Git release tagging best practices
James.Bottomley at HansenPartnership.com
Fri Mar 22 17:50:08 CET 2019
On Fri, 2019-03-22 at 11:37 +0100, Peter Lebbing wrote:
> On 21/03/2019 22:50, James Bottomley wrote:
> > It can't. Remember the name of the tag is metadata which is held
> > in the git refs file not in the tag itself. The signature of the
> > tag is over the contents (including header contents like date and
> > parent) which doesn't include the name.
> The third line of the signed data in the real-life example I
> demonstrated reads "tag gnupg-2.2.13". That very much looks like the
> name of the tag to me! Did you overlook it or do you think it's
> something else?
Ah, actually, I hadn't noticed that was in there.
> > This means the name of the tag can be changed by changing the refs
> > file and actually you can erase the tag with no adverse
> > consequences to the tree. What you can't do is move it to a
> > different parent because that will cause a verification failure.
> But Git could check that the name of the file in .git/refs/tags
> matches the name in the signed data.
So that's related to use case, see below.
> > Absolutely not, at least not globally. Remember the design use
> > case for signed tags is cryptographically verified pull requests,
> > in which case there is no name and the tag is discarded after the
> > pull.
> I'd rather say "a use case" than "the use case", but okay.
The point is it's the use case signed tags were designed for. It's
what all the cryptographic validation thought around signed tags went
> It could easily support both. I don't recognise the use case you
> describe, but I presume when you say "there is no name", that the tag
> is used through its object hash. Git could skip verifying the name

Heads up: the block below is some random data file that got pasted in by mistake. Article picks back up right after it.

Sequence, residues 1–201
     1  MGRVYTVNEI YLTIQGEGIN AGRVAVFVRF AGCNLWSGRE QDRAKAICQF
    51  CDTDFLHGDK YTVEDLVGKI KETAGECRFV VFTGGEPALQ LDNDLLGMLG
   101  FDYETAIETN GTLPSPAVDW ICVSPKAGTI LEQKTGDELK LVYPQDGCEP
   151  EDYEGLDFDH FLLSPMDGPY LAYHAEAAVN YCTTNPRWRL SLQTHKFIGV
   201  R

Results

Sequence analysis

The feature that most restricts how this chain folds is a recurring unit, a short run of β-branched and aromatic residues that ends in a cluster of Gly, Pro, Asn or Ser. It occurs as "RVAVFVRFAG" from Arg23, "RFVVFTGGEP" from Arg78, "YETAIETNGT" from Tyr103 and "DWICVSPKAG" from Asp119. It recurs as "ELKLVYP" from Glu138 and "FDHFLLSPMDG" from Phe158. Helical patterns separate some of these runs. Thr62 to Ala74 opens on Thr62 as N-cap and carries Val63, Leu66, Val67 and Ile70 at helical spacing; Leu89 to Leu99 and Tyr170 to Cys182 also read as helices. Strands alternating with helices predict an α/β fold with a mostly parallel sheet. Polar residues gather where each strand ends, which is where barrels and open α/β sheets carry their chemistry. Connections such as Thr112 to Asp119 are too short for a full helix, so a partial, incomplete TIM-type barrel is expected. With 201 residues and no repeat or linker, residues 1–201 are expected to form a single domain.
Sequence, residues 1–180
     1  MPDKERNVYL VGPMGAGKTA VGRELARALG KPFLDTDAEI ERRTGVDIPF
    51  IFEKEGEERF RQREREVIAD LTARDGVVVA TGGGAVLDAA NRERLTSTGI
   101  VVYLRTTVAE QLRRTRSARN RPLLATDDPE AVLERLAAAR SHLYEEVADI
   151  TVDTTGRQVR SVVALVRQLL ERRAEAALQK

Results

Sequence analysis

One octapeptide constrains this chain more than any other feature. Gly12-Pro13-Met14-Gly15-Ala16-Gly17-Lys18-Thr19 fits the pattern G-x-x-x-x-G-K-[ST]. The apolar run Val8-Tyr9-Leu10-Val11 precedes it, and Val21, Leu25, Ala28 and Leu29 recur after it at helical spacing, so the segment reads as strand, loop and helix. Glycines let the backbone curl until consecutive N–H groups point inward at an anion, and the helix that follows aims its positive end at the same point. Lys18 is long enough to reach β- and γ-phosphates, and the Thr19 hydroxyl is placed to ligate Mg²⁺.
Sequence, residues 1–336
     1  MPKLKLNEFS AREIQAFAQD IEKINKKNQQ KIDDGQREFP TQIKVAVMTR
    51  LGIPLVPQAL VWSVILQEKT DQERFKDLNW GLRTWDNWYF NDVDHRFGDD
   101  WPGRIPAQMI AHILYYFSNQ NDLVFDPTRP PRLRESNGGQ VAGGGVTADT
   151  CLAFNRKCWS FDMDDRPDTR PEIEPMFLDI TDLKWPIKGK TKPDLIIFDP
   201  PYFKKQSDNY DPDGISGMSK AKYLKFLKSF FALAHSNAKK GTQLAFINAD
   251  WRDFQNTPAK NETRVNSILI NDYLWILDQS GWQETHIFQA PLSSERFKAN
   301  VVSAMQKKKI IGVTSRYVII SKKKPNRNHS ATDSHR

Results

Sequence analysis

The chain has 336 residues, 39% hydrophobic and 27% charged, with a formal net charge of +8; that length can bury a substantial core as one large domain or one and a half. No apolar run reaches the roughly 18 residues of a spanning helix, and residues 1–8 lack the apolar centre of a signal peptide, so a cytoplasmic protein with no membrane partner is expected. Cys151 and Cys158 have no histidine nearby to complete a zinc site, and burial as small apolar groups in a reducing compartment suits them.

> when the tag is specified through its object hash rather than its
When you do git pull remote-tree remote-tag
Git will validate the remote-tag cryptographically and its attachment
point but, because the tag will be discarded after the merge, it
doesn't validate the remote-tag matches the tag name. It's how Linus
ensures cryptographically that what he pulls is what I pushed.
in this workflow the references file is on the remote tree, and the tag
won't become part of the local tree. You could validate that remote-
tag, which will be taken from the remote tree references, matches the
tag name in the signed object but it has no value because the signed
part of the tag is merged into the commit object wholesale, so the
signature can still be verified, but the actual tag itself doesn't
become part of the local tree and is effectively discarded.
You can see this if you do a git log <sha> on a merge pull in the
kernel vs a git cat-file commit <sha>.
> And if this is not what you meant, Git could gain a command line
> option to have it enforce the name is original, or an option to
> indicate the name should not be verified.
OK, but verify for what? git-log <tag> probably. git-archive <tag>
definitely but you need to identify the other commands and use cases.
Cryptographic verification of every tag on all operations would be way
> Discarding is not a problem.
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